About the Artist

Bill Gorcica is a Professor of Art at St. Cloud State University in St. Cloud, Minnesota where he teaches multimedia art. With an undergraduate degree in biology from Virginia Tech and a master of fine arts degree in visual arts from Rutgers University, he has followed an interesting path which merges art and science. His artmaking practice has moved from traditional mediums of sculpture, printmaking and painting to digital art, particularly interactive art which attempts to fuse traditional and new media art forms.

Oftentimes Bill has addressed the natural world in his work. Wild creatures become caricatured and emerge from the subconscious in his digital drawings. References to tree bark and manufacturing become hybridized in his "Zippered Stumps" series. Recreational equipment merge with images of national parks in his "Cultivating a Pseudonatural Experience" installation.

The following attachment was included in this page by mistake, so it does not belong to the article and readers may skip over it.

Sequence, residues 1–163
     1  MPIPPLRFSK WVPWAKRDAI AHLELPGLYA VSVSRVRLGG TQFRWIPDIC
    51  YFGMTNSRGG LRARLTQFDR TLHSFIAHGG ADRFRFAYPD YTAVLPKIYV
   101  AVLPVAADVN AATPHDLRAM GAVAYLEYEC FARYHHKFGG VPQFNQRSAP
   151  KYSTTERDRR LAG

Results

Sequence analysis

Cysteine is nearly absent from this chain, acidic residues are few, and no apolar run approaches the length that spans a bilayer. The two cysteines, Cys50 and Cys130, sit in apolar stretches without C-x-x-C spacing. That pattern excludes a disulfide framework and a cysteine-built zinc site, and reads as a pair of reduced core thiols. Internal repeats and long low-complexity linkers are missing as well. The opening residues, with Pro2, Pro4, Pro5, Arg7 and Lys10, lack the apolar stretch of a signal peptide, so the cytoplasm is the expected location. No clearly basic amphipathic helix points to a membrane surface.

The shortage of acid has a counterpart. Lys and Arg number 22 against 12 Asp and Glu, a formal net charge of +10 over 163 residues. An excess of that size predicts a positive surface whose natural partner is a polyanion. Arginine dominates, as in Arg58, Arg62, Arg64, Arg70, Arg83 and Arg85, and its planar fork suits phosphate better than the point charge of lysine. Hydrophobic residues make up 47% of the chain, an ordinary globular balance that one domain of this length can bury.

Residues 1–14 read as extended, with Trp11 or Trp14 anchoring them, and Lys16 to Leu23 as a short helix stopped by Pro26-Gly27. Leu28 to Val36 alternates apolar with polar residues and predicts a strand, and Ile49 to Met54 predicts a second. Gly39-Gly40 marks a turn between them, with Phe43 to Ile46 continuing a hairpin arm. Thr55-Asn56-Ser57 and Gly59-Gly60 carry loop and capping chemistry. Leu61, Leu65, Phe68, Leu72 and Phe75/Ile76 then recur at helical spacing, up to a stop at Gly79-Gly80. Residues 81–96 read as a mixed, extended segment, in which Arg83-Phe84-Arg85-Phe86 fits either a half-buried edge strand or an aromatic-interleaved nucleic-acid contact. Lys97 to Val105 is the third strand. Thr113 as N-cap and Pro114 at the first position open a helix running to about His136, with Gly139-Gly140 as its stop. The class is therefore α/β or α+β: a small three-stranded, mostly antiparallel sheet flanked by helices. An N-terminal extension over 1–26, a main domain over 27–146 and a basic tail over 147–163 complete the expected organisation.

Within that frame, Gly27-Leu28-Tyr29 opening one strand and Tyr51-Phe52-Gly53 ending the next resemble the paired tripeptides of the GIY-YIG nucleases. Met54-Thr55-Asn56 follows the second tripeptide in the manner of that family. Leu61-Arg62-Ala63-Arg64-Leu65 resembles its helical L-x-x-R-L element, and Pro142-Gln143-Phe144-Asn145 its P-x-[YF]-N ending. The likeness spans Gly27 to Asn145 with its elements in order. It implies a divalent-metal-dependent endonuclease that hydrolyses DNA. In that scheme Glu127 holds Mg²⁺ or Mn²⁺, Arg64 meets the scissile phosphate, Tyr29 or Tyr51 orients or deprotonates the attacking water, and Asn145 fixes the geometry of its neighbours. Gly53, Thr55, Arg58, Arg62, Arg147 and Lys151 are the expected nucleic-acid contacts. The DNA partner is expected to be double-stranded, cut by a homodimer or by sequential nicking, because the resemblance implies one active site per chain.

He has been part of a number of collaborative projects and has made some public art. His Winter in Summer - Ice Fishing House mini-golf hole incorporated all sorts of sculpted Minnesota fish and celebrates

a local pastime and natural heritage of the region. This large-scale work was playable in the Minneapolis Sculpture Garden at the Walker Art Center during the entire summer of 2004, and was reproduced in ID - The Magazine of International Design in the September 2004 issue.

Most recently Bill has been able to delve into a number of design projects that connect directly to his interests in preserving the natural world and engaging people in it. He designed the 2008 Minnesota State Parks vehicle permit, working together with the Department of Natural Resources and Mille Lacs Kathio State Park. He has piloted an interactive art kiosk entitled Flora and Fauna at Maiden Rock which has evolved into a more elaborate project for Eloise Butler Wildflower Garden in Theodore Wirth Park in Minneapolis. Recently the artist has had a solo show at the ArtHouse in New London, MN and Swansong Contemporary Arts. Currently Bill is exploring new ground, using sensor technology to control computer animations.